In contrast, the number of frames purchased without vision insurance assistance declined over the past year after rising from 2009 to 2013. There were 26.2 million pairs of frames purchased without any type of insurance assistance during the year-ending period June 2016 (-740K pairs during the 12 month ending period June 2015, a drop of 2.8%); however, despite this recent decline, the number of FTC/non-insured frame unit purchases is still up by a respectable 3.3 million pairs over the past six years since the end of the recession (+12.2% growth). One reason behind the growth of the FTC market in 2010-2013 is the fact that many eyeglass wearers without MVC coverage were postponing their eyeglass purchases for significant periods of time during the recession.

During the 12 month ending period June 2016, MVC insurance frame purchases increased most among all major distribution channels and most retailers, with independent ECP retailers (+4.9%) and conventional optical chain retailers (+2.5%) seeing the largest increases in frame purchases with insurance assistance. Demographically, MVC frame purchases increased most during the 12 month ending period June 2016 among just about all consumers but increased most for men, adults over the age of 55, people from higher-income households (AHI: $60K+), residents from the Midwest region of the US and people using FSA/flex spending plans and people using a standard, stand-alone MVC vision insurance plan.

When we ask consumers on our VisionWatch survey about the role of “managed vision care and insurance usage” when making a frame or eyewear purchase, there are several different sources of coverage that buyers are using when making a purchase. Women, Americans between the ages of 35 to 54 and Americans from higher income households are more likely to specific “standard vision insurance” as the main source of insurance assistance when buying frames. Also, people buying frames priced at more than $150 per pair, or people purchasing their frames from an independent ECP, were more likely to use a standard MVC plan when buying frames.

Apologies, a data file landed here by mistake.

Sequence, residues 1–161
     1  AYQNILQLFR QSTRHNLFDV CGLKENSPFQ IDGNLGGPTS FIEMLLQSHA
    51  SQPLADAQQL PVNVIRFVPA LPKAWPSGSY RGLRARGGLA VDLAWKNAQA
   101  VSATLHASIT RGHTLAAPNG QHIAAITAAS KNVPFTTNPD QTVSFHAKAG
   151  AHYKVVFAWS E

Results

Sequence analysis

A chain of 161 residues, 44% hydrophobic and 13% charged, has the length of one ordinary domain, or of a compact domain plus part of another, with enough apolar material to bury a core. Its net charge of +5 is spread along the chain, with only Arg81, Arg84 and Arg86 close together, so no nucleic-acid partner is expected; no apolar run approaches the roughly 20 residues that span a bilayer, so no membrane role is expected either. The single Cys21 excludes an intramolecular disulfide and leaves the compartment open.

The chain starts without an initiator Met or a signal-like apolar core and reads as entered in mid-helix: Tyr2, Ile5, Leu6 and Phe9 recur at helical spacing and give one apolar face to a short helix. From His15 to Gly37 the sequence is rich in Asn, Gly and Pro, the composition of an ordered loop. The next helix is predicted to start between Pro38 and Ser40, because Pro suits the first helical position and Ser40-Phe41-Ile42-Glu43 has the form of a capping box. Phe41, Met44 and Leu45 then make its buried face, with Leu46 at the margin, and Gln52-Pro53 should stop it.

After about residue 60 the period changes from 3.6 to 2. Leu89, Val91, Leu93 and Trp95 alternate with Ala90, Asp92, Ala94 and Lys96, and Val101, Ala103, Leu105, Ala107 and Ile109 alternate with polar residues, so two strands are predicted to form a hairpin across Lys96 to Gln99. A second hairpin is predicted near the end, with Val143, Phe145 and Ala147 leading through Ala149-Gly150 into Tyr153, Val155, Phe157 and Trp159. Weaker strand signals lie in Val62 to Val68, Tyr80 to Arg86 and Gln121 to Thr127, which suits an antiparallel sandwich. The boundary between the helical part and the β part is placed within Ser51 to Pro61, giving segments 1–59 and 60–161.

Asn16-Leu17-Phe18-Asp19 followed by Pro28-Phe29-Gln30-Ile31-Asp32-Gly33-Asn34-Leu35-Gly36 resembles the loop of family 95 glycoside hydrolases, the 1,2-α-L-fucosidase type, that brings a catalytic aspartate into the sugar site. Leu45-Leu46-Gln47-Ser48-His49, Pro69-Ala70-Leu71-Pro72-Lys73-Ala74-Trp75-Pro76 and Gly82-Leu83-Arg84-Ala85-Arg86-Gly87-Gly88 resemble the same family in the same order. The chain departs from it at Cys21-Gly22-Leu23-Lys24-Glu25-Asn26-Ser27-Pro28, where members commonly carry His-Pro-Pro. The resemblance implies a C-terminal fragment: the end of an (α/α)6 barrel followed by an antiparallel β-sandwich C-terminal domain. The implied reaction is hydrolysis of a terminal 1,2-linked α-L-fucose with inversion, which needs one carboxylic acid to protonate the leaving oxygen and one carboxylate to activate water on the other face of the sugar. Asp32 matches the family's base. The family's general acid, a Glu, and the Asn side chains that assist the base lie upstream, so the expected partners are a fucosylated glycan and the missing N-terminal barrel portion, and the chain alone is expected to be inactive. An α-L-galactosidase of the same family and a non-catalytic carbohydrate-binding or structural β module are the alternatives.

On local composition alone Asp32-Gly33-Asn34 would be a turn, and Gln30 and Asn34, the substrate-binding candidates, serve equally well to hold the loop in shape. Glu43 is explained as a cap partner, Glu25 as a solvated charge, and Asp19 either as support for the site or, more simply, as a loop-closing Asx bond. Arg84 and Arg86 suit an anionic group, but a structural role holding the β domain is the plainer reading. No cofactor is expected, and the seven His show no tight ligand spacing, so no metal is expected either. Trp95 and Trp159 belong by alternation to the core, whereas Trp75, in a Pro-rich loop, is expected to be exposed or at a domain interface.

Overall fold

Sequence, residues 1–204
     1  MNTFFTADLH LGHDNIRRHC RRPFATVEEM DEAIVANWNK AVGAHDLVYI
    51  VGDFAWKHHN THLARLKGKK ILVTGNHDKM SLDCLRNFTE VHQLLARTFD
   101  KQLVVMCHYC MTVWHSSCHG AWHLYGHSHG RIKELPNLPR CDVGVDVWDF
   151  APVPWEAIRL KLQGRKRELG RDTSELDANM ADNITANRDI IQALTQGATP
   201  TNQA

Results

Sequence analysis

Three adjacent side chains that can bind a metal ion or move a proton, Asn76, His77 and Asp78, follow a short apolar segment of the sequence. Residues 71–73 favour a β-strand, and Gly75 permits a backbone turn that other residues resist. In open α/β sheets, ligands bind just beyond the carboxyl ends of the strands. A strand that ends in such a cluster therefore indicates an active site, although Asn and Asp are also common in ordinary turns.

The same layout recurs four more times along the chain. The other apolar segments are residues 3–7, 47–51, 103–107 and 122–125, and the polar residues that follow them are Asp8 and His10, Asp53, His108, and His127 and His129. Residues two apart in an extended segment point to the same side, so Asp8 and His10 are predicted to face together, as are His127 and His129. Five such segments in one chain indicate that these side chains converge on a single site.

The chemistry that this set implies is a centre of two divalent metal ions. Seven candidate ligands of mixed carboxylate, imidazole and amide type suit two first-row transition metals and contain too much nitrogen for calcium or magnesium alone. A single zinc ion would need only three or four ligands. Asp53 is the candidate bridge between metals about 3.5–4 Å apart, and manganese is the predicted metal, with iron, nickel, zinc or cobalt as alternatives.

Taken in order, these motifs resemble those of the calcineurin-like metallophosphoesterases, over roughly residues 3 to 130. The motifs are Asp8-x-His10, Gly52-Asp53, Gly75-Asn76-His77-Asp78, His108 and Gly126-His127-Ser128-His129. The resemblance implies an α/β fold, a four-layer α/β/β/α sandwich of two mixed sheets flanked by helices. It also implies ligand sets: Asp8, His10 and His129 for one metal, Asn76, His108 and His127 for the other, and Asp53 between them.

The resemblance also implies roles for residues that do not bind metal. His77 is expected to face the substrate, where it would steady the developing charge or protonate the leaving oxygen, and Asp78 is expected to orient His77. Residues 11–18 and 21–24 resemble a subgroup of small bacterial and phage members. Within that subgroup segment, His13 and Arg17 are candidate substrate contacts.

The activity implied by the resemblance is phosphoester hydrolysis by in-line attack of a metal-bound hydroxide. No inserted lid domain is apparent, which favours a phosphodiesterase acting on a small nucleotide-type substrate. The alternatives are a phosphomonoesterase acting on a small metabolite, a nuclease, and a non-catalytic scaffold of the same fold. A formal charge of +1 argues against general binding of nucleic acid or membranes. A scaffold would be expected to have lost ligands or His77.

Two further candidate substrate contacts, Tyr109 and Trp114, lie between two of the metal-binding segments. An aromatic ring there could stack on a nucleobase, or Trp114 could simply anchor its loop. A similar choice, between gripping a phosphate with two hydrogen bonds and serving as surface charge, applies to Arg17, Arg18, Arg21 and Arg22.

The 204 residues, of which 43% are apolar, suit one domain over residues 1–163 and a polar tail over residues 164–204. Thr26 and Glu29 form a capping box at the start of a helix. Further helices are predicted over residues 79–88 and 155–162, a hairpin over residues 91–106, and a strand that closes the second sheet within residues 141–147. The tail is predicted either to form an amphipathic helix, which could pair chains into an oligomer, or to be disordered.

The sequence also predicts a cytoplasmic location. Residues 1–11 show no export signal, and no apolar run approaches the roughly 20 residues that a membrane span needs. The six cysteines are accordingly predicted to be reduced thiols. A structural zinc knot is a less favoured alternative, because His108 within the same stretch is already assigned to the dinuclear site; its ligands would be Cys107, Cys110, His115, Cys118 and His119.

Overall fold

After traditional MVC, many recent frame buyers claim that their standard medical insurance with some type of vision coverage was used to help buy their most recent pair of frames. Almost one out of every five MVC frame buyers claimed that the insurance coverage used was a government supplied benefit. Finally, about one out of every eight MVC frame buyers used some type of discount plan or a tax-deferred flex spend plan when buying their most recent pair of frames. Generally speaking recent male eyeglass buyers and younger eyeglass buyers rely on discount plans and flex-spending accounts to help cover the cost of recent frame purchases.

During the 12 month ending period June 2016 these figures have changed slightly. Usage of just about all types of insurance is up over the past year, indicating that many consumers who are still using insurance coverage are now more likely to use multiple types of coverage in an attempt to minimize what they pay out of their own pocket for eyeglasses. Regarding specific plan types, increased usage of standard, stand-alone MVC plans along with increased usage of standard health care and medical insurance plans with an MVC rider was the driving force behind the growth of the MVC market in 2016. Usage of all other insurance plan types during the 12 month ending period June 2016 only increased slightly or remained largely flat.

Data in this article was compiled from the 2016 Q2 U.S. Optical Market Eyewear Overview. For additional information, please contact Steve Kodey at 703-740-1095 or skodey@thevisioncouncil.org.